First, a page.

Report by Sheila Michell
Human Writes Patrons
"The very essence of the death penalty is to tell people that they are somehow sub-human, not fit to live. Yet even those people I have represented who did what they were accused of - a surprisingly limited number - have always been much better people than their worst fifteen minutes, as are we all. Those who recognise this by reaching out to the men and women on death row are true heroes, though I suspect they gain as much as they give to the relationship."
Clive Stafford Smith OBE, Founder of Reprieve and Patron, Human Writes
"As a journalist who has lived and worked in the United States, the horror of death row is one of the issues that never leaves you. The thread of humanity that Human Writes manages to sustain with men and women on death row is a profound contribution to keep alive the hope of life. Capital punishment is now on the retreat in America, but the numbers awaiting their fate are still very considerable. I am very honoured to have become a Patron of Human Writes and will hope to do my best to put my shoulder to the wheel".
Jon Snow Broadcaster and journalist, Patron, Human Writes
"In such an inhuman system small moments of human contact make a big difference. That's why I support Human Writes and why I would encourage you to do the same."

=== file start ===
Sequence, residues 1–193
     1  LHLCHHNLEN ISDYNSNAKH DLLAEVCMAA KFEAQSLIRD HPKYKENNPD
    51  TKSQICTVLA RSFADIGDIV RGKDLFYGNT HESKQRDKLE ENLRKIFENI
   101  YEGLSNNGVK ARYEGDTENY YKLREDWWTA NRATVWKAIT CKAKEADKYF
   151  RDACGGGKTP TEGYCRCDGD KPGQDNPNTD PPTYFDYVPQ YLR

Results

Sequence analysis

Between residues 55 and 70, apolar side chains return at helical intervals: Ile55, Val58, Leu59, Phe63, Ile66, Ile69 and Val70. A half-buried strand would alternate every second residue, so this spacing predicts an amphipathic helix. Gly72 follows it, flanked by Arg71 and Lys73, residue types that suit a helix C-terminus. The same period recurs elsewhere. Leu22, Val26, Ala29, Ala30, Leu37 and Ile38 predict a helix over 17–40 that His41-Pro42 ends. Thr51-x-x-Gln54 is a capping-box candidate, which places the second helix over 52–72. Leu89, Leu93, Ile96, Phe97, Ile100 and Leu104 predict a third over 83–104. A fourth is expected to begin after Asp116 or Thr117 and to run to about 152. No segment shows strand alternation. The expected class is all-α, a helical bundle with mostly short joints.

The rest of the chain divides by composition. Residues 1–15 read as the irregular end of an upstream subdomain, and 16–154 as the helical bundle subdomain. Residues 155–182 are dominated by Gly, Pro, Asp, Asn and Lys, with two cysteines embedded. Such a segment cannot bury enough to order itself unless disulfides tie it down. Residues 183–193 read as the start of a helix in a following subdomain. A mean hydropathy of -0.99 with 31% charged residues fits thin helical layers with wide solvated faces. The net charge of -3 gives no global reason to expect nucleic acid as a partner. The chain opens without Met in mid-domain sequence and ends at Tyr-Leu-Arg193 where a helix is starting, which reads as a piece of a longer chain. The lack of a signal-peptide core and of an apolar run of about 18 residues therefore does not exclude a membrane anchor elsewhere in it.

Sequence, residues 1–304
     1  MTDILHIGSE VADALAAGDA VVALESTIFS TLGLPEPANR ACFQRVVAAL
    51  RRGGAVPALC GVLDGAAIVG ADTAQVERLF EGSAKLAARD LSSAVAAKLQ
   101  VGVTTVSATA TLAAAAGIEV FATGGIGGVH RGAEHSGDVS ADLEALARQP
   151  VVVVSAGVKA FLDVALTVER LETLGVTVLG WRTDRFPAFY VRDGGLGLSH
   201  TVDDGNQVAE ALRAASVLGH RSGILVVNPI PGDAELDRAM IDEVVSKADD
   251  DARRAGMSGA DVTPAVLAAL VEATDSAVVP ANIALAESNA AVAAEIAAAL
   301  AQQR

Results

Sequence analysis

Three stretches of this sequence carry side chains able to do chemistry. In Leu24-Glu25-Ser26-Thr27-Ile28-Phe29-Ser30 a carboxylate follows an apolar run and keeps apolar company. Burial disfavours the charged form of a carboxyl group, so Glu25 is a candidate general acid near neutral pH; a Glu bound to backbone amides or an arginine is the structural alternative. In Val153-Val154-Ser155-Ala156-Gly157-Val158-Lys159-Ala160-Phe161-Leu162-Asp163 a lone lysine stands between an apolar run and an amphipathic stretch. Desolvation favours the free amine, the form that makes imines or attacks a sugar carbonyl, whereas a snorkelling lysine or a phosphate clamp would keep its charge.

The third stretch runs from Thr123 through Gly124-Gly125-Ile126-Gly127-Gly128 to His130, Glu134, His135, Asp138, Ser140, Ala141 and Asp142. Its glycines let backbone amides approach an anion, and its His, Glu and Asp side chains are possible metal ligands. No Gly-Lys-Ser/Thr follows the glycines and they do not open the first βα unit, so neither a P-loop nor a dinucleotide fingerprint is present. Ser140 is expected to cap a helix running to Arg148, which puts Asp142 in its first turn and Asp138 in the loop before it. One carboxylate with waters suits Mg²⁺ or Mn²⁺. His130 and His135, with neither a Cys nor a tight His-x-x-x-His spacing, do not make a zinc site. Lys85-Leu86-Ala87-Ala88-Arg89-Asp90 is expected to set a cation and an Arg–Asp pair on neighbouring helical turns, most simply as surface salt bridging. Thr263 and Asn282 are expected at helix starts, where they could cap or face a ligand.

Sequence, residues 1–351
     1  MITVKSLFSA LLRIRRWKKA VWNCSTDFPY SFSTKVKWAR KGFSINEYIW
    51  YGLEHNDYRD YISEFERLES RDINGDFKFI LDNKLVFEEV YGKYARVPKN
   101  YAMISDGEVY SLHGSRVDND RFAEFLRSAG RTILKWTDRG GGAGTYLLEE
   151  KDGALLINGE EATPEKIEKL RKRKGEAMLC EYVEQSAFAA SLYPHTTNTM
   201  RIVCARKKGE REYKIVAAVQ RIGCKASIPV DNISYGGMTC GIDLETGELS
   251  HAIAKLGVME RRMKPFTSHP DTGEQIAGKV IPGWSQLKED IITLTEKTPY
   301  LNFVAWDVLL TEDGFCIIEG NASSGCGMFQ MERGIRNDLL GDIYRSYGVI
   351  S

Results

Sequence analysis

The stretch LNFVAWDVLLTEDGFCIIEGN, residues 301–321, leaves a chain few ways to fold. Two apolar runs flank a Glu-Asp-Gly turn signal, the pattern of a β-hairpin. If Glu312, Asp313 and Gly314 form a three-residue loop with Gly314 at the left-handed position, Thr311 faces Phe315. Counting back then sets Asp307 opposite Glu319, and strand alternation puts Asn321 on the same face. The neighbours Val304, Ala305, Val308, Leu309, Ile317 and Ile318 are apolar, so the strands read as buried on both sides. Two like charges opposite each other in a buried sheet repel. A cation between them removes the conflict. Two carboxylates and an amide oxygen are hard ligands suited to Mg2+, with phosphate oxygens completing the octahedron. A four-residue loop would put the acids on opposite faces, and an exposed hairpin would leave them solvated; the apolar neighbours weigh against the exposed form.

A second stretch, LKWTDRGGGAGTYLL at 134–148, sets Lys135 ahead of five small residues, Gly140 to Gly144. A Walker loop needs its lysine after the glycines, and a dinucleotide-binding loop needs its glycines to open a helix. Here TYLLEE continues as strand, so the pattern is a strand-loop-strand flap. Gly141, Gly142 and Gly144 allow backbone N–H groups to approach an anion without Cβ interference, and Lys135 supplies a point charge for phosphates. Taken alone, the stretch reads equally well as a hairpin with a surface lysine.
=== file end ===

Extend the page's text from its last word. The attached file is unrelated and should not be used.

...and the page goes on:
Gary Younge, Author and US-based feature writer for the Guardian, Patron, Human Writes
"I know what it is like to live in a cell for decades and feel that the whole world hates you. I never expected to be able to live again as a contributing member of a community. Prison life was precarious and unpredictable but I met people who worked there who wanted to help me and people like me - and I'm lucky that I live in a society graceful enough to offer me a second chance. At least I had hope. Hope for many of the people supported by Human Writes has all but been extinguished. Letters to people on Death Row let them know that however low they may have fallen, they are still human beings. They still have value and are worth caring about and letters might just help to keep hope alive. That is why I am honoured to have been invited to be a patron."
Erwin James, author and Guardian columnist, Patron, Human Writes